The new PING i25 driver has been buzzing around the golf world over the last few weeks, so I need to get my hands on this sucker to test it out. While my testing conditions were less-than-ideal (about 30 degrees outside and into a snow-filled driving range), I still got a great first impression of what might be my new driver this season. Let's take a closer look.
Boring Specification Stuff
First things first, the PING i25 driver features some nifty club tech that should appease golf gear nerds like me. Compared to last year's i20 driver, this year's i25 features a lower MOI (about eight percent, according to the wizards at Golf Magazine) to make the club more forgiving on miss-hits. It features some adjustability options so you can increase or decrease loft to your liking (1-2 degrees either way). The clubface seems to sit open at address, which should help hookers. It will also help players who hit the ball left (#badjoke).
Appearance and Feel
From an appearance standpoint, the PING i25 driver is all meat-and-potatoes with the exception of two alignment lines on the club's crown. This is actually a big deal for PING, who normally get about as exciting as a prostate exam. I found these alignment lines to be extremely helpful with aiming my shot at address, so great job, PING!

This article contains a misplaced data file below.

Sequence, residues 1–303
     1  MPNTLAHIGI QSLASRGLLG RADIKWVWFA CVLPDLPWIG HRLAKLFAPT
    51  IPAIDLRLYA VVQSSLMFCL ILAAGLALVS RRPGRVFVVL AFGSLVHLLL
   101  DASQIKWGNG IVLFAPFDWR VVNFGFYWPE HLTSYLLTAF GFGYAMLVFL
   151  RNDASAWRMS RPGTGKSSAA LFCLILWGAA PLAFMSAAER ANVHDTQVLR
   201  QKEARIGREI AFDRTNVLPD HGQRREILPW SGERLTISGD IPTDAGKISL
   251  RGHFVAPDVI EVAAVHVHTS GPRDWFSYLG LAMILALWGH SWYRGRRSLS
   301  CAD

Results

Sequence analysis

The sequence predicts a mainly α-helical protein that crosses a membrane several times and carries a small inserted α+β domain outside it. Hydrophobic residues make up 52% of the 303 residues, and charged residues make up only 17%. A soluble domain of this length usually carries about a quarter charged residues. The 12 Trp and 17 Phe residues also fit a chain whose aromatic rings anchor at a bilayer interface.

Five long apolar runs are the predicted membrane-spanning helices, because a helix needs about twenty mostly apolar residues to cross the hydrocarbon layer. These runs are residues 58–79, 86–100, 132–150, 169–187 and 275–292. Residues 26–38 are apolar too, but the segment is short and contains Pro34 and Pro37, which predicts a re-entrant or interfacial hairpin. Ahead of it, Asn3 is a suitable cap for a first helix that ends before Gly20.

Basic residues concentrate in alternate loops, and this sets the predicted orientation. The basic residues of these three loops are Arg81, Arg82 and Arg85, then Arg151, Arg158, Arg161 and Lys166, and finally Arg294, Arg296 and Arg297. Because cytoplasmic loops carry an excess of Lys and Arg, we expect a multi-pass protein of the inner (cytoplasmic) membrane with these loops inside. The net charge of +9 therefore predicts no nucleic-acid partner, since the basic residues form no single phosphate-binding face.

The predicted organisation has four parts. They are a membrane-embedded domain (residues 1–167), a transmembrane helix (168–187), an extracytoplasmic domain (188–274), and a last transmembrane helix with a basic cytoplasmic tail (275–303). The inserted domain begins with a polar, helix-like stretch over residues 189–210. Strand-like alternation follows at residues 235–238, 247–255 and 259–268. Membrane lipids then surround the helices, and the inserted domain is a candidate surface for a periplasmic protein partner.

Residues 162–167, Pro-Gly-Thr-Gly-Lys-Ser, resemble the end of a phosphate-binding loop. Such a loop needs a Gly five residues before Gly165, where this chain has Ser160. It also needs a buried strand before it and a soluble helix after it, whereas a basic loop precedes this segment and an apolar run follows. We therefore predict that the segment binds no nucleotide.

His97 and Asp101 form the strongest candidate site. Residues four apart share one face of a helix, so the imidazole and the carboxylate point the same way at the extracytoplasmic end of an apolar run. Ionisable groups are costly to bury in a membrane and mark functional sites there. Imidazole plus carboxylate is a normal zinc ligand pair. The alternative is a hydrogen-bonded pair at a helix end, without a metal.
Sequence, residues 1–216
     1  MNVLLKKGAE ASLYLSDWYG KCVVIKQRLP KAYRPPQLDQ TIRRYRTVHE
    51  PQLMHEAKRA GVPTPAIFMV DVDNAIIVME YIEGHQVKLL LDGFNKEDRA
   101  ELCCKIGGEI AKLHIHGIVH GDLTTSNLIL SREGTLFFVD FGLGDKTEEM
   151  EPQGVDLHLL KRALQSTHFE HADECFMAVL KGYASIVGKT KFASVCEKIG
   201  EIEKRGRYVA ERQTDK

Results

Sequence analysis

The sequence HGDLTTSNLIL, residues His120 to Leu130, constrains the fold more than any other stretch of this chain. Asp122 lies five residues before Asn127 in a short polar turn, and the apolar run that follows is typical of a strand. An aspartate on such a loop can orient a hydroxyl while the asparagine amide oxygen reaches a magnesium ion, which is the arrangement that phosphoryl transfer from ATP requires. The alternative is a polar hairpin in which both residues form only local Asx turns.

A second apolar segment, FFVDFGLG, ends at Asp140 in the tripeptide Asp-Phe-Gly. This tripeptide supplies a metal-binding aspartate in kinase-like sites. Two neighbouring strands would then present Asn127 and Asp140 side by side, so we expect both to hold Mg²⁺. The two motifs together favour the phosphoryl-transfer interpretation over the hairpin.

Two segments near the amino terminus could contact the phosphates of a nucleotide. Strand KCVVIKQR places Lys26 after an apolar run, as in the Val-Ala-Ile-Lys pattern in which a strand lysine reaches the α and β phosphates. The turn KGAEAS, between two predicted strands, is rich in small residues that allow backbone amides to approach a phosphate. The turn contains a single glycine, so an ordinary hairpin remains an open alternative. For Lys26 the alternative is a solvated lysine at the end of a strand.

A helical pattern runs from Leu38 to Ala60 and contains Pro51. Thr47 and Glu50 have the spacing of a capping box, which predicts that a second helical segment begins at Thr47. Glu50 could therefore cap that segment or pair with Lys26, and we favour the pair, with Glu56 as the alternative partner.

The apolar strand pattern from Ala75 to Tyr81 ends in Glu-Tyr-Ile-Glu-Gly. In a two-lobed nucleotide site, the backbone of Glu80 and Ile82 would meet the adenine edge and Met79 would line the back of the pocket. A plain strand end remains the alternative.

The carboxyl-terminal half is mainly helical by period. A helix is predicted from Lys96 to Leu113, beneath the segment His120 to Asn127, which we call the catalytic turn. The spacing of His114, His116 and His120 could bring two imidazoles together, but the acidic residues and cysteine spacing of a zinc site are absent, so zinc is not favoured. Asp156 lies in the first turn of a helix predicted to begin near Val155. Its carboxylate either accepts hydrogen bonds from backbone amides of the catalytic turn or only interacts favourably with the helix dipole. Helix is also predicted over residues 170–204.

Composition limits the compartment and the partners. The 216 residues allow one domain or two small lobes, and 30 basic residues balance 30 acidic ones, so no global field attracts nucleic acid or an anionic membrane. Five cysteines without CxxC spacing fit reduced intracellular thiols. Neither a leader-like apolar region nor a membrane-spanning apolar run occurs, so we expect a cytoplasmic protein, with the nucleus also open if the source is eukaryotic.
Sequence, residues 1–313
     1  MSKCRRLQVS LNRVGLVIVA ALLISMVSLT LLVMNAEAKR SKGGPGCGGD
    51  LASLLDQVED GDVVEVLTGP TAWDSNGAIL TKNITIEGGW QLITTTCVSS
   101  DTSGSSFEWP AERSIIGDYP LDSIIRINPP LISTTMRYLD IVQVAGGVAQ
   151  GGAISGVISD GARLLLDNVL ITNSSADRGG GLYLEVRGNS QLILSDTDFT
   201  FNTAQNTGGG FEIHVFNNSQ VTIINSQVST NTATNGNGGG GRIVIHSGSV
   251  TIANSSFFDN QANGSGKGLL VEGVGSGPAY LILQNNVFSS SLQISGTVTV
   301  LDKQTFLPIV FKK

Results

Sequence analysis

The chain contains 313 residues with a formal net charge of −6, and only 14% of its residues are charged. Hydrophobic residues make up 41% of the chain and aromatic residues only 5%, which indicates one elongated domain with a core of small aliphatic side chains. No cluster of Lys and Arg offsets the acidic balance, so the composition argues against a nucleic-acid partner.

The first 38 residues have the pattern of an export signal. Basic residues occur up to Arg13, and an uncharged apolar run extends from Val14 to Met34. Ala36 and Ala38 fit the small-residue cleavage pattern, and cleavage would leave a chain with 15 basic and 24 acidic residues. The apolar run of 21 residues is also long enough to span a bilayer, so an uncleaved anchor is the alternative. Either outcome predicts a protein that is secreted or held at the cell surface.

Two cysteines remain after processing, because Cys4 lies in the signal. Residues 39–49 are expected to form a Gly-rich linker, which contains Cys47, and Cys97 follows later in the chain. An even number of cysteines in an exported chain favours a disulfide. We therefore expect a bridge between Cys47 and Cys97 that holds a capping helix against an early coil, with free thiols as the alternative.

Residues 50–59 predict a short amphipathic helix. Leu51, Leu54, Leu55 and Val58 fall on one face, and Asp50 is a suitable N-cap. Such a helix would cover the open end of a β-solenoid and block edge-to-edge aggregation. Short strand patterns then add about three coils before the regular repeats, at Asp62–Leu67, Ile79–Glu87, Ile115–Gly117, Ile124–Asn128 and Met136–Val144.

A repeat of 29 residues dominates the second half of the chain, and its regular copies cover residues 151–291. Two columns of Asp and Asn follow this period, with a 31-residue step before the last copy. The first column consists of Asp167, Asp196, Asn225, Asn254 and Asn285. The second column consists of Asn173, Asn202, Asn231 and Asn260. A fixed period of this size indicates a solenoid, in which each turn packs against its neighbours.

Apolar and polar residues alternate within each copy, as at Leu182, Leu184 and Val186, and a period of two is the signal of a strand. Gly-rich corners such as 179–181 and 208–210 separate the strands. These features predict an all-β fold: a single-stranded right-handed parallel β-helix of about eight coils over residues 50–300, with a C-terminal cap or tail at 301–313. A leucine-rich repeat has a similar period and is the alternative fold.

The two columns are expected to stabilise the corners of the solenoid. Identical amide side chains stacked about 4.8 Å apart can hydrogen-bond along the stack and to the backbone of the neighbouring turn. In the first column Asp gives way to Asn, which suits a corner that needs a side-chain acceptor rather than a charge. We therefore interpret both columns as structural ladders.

In terms of feel, the PING i25 offers a soft impact sound that is much less annoying than past PING drivers. Truth be told, this company likes to produce loud equipment (hence the name?), so the i25's feel is a pleasant surprise. The ball feels like it is absorbed by the clubface, which is a quality I prefer.
Compared to my TaylorMade R1 from last year, the PING i25 was pretty similar in terms of distance. I didn't see anything in that realm that was mind-blowing, but at the very least this meant I could stick with my distance expectations should I make the switch to the i25. I like consistency in distance control, so that's a positive in my book.
The main difference, however, was in accuracy. The PING i25 was much more accurate than my old driver, which I will attribute to the i25's lower MOI. Muy, muy bueno.
Why You Should Buy This Club
If you struggle with hitting fairways and are looking for a forgiving club without the look of a game-improvement hubcap-on-a-stick, the PING i25 is a great option. Improved accuracy seemed to be the biggest takeaway from this club test, which is certainly nothing to shake a stick at. Seriously, stop shaking your stick. That's inappropriate.
Why You Shouldn't Buy This Club
If you're looking for a massive jump in distance, the PING i25 probably won't provide that for you. But that's ok; if you're hitting more fairways because of its autopilot-like aiming capabilities, who gives a damn how far you're hitting the golf ball? You probably play from the white tees anyway. Let your meathead friends look for their balls in the forest while you're lining up your approach from the short stuff.